You encourage workers to add a few steps to their pedometers by skipping the elevator and taking the stairs instead.  But what will they see when they get there?  Are the stairwells dreary, forsaken caves of whitewashed concrete?  Easy fix!  "Perking up the stairwells can entice even the most reluctant employee to opt for exercise," says Sandy Campbell, Affinity wellness coordinator.  "All it takes is a little creativity and a roll of sturdy tape."

Host an Art Fair - Invite employees to bring their kids' artwork to work and display it on the stairwell walls.  Or organize a coloring contest for local children and post entries along the stairs, encouraging employees to vote for the winner.

Plant Clues - Motivate employees to get up to speed on pertinent company info by pasting "fun facts" along the walls.  Tie this in with timely workplace themes, such as benefits updates (during open enrollment season), safety rules (during Safety Awareness Week) or information on local festivals and attractions during the summer months. 

Baby Face - For employers who don't mind being silly, post (willing) employees' childhood pictures on the walls and ask employees to identify the faces.  The employee with the most baby-to-coworker matches wins a free pass to the YMCA or other wellness-related prize.

Feed the Fit - Provide complementary baskets of fruit, granola bars or bottles of water at stairwell landings.  Employees hungry for a snack will gladly make the trek in exchange for a tasty (and healthy) reward.

Of course, some employees won't be able to traverse the stairs due to disabilities.  "Make sure it's clear these incentive programs are optional and beneficial to those who can participate," Sandy says.  "The goal is not to alienate, but to motivate."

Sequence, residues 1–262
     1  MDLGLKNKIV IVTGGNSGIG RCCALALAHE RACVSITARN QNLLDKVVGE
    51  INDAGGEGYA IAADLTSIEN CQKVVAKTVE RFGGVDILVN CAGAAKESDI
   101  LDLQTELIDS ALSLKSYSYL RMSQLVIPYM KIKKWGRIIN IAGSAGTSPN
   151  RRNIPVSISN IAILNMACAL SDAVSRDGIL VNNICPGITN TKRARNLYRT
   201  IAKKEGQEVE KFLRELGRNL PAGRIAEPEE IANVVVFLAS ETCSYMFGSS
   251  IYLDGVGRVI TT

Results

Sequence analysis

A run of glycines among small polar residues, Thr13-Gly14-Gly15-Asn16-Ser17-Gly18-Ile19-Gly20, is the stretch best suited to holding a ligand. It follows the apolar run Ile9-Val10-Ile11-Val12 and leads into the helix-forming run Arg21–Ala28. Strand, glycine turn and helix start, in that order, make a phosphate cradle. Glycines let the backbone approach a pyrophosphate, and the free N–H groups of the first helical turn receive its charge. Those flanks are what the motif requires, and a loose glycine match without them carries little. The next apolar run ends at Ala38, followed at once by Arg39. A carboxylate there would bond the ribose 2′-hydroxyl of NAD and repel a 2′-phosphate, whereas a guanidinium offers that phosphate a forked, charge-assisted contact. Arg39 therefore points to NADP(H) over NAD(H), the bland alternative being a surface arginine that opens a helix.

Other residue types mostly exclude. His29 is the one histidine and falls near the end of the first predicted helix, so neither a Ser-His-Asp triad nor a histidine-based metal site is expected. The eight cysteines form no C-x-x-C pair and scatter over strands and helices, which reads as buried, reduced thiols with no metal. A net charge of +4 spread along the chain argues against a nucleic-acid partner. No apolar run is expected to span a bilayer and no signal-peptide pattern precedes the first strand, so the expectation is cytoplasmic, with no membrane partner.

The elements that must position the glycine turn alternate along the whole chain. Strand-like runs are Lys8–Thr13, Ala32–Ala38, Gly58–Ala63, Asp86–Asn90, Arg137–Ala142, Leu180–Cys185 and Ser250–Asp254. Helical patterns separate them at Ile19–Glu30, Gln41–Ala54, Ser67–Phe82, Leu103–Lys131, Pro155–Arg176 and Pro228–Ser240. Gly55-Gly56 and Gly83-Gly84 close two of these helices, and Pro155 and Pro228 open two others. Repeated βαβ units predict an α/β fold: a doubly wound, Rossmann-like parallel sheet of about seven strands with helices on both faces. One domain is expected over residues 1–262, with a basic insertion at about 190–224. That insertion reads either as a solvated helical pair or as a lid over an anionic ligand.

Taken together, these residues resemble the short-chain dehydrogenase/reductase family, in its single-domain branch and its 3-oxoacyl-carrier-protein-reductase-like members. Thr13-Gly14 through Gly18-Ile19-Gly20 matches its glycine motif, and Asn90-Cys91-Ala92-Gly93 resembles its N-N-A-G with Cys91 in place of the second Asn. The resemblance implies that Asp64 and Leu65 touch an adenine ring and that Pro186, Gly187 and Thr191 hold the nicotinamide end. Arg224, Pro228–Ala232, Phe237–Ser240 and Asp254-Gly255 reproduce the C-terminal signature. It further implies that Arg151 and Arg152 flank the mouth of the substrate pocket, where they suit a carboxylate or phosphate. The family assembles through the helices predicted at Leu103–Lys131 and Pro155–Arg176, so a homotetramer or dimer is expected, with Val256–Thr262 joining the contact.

Meet Our Staff
Mark Geiger
Mark Geiger is a wellness account specialist with Affinity Health System.  In this key role, he provides wellness direction to several Fox Valley companies.  Mark specializes in behavior change, including weight management and tobacco cessation.  An expert in fitness and employee wellness, he holds a Bachelor of Science degree in exercise physiology from the University of Wisconsin Oshkosh.

Prior to joining Affinity, Mark gained his experience at Kimberly-Clark Health Services.  He is very passionate about his work and prides himself in leading a healthy lifestyle, competing frequently in area 5K runs.
Occ Doc in a Box
Want more helpful tips and insight on workplace wellness?  Check out Dr. Harrison's blog, "Occ Doc in a Box," which focuses on topics relevant to the health and safety of your workforce.  Click here to follow it today.
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Your Affinity Occupational Health Sales Team
Lisa Kogan-Praska, sales and marketing manager for Affinity Occupational Health, focuses on developing programs and services to fit each client's unique needs.  Lisa has more than 13 years of professional experience in the health care industry, including eight years specializing in occupational health and wellness. 

Holly Tomlin, sales and marketing representative for Affinity Occupational Health, enjoys building relationships with clients while finding creative solutions for their needs.  Holly's background includes 13 years of experience in the health care field, with a strong background in employee assistance programs and occupational health. 

Tammy Davis, customer account liaison for Affinity Occupational Health, provides immediate response to customer service requests.  She works closely with Lisa and Holly to coordinate educational programs and provide clients with valuable services information.  Tammy has 13 years of experience in marketing, sales and customer service.

To contact Lisa, Holly or Tammy, call the Affinity Occupational Health office located in Menasha, at 1-800-541-0351, or e-mail, or